Remember rural churches, advocates say
Supporters of the 25,000 rural congregations across the United States want a seat at the table.
That is why United Methodist Rural Advocates filed a legislative petition before General Conference 2016 to add a position to The Connectional Table “able to represent the variety of rural ministries in the United States and the breadth of issues facing rural America.”
The Rev. Roger Grace, a West Ohio Conference delegate and outgoing president of Rural Advocates, admitted that a similar petition in 2012 was not successful, but said the organization wanted to give voice to the 2.9 million United Methodists in the U.S. who live in rural areas.
Helping homeless at GC2016
United Methodists are helping homeless people in Portland dine with dignity during General Conference.
Members of the United Methodist Rural Advocates are distributing cards made by children in churches across the connection along with meal vouchers to the Sisters of the Road Cafe, a local nonprofit that is working to end poverty and homelessness by providing nourishing meals in a safe, dignified space.
“We hope delegates and visitors will take a card and a meal voucher and share it with someone on the streets here in Portland and it will be a sign of Jesus’ love for them,” said the Rev. Laura Beach, a United Methodist Rural Advocate from the Western North Carolina Conference.
In fact, the petition related to the Connectional Table was “not supported” by the legislative committee considering it, according to the May 13 edition of the Daily Christian Advocate.
Other legislation filed or endorsed by Rural Advocates includes a call for denominational support for NETWorX, a national holistic movement to reduce poverty measurably, and encourages local congregations to establish NETWorX initiatives
Another petition would update Paragraph 2549 in the Book of Discipline on the “Disposition of Property of a Closed Local Church.” The update would include the option to make a gift of the property to a nonprofit with values consistent with the denomination that “will begin, enhance or continue the work and vision of ministry with the poor in that community.”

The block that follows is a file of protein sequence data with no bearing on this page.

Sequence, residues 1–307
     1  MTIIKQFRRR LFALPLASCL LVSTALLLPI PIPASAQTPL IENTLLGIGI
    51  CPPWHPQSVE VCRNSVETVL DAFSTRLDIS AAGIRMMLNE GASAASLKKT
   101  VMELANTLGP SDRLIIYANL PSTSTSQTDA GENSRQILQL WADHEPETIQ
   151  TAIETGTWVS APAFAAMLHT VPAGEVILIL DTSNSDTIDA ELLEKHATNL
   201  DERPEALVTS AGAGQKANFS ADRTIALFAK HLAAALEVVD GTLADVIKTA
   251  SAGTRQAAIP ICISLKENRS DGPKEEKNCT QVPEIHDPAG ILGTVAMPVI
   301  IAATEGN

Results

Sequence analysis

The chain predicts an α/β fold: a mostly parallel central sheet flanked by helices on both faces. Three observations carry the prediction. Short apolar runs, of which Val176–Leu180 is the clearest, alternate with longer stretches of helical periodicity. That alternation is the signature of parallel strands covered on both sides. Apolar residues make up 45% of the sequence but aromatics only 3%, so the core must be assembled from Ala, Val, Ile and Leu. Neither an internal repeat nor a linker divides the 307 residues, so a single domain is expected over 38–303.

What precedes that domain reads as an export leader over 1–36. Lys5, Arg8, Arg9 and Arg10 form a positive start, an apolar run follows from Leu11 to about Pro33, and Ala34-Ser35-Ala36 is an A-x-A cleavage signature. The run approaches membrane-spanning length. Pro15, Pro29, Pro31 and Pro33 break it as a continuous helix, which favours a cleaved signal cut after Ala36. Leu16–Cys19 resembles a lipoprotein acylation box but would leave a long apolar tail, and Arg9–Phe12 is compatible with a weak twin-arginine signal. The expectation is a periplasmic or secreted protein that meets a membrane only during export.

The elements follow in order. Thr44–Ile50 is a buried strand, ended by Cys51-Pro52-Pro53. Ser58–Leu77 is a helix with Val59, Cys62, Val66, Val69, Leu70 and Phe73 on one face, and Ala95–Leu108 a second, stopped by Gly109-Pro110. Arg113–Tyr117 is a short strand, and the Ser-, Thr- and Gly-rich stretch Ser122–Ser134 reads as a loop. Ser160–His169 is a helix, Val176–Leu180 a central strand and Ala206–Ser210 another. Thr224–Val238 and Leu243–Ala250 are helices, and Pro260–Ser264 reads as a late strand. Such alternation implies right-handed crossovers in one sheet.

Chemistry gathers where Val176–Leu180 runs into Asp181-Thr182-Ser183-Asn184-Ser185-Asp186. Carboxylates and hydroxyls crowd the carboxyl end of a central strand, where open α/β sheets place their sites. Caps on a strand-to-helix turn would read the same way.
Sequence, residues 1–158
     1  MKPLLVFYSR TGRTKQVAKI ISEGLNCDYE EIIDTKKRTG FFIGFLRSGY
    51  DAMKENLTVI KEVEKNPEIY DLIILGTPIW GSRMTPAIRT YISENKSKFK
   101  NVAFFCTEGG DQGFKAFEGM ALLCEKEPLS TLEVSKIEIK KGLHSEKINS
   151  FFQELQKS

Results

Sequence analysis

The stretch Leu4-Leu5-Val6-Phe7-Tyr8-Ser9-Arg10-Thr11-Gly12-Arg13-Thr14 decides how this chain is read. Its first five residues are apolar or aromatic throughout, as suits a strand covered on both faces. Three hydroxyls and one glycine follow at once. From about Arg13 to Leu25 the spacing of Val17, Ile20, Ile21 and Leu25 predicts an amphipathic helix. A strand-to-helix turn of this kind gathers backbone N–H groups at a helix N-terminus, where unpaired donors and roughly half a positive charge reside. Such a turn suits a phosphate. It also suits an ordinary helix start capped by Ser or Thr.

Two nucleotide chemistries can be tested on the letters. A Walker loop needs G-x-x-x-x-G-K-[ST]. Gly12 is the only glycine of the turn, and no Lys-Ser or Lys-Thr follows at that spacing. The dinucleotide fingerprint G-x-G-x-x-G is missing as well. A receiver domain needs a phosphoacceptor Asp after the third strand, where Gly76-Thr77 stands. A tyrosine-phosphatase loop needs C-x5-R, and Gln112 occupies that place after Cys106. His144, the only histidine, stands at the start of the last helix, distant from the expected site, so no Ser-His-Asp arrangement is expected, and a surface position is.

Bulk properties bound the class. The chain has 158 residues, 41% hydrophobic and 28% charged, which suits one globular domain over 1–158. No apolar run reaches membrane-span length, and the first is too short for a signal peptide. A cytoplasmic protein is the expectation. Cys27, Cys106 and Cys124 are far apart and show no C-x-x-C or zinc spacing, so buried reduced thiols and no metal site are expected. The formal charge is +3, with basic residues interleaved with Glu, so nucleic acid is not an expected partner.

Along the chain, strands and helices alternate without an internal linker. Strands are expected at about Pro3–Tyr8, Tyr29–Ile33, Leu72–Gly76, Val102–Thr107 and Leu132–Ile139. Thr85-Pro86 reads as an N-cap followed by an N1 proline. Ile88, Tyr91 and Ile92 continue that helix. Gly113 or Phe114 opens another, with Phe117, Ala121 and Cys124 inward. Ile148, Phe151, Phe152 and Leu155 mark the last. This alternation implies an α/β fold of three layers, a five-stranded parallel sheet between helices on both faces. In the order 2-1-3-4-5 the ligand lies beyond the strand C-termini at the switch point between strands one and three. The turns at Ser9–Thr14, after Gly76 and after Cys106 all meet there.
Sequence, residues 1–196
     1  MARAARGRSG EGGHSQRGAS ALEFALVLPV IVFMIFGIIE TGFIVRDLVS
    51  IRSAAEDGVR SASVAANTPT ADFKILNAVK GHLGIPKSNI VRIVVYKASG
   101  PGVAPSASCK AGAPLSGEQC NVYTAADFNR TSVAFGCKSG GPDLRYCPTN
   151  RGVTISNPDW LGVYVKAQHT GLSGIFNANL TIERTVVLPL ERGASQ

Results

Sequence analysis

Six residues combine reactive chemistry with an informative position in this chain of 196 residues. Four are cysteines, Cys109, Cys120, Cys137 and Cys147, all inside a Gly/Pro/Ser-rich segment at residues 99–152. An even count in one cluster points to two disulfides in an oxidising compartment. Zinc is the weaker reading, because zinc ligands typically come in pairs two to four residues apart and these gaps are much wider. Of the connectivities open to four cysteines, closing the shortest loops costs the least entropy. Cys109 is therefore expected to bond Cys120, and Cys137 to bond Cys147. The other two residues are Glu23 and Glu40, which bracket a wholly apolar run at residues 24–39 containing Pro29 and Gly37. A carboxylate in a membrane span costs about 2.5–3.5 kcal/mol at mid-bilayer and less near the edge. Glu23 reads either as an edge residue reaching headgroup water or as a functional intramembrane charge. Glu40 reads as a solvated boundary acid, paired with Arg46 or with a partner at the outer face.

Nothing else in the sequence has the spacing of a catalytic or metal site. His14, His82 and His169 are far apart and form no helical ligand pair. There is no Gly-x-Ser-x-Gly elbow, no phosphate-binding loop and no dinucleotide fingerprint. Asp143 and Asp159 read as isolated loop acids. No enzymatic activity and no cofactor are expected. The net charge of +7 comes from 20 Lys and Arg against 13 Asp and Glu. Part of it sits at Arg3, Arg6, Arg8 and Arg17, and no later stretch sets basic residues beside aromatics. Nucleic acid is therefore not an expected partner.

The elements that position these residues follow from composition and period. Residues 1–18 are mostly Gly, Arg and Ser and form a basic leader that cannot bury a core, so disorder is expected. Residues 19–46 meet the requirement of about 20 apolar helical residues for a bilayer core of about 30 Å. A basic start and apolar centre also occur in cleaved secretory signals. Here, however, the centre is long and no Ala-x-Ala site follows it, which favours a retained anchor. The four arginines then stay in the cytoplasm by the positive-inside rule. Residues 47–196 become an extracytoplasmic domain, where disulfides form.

When an urban church closes, Grace pointed out, “the Discipline states that the money stays for urban ministry.…The same thing is not true for rural churches when they close.”
Not every rural community has another United Methodist organization to continue the ministry lost when a church closes. To offer resources to another nonprofit “would be in the spirit of keeping the money in the community,” he said.
Grace still finds that the denomination often ignores rural churches, even though they may be the heart of their small communities. “Much of our focus seems to be on numerical growth,” he said. “In some of the rural areas, there is not a lot of potential for numerical growth, but there is still a need for the church to minister to and with the community.”
Their presence in Portland
When United Methodist Rural Advocates met in Portland in October 2014 to prepare for General Conference 2016, the group’s encounter with the city’s homeless population as they walked back to their hotel from the convention center sparked an idea for a hands-on ministry with the poor in the Portland area.
The result was #GC4JC, organized by two young clergypersons in the Western North Carolina Conference. General Conference participants can pick up one of more than 1,700 cards made by children that hold meal tickets for Sisters of the Road Café and share them as they strike up a conversation with a local homeless person.
United Methodist Rural Advocates raised more than $5,000 for the project, all of which remains in Portland, Grace said.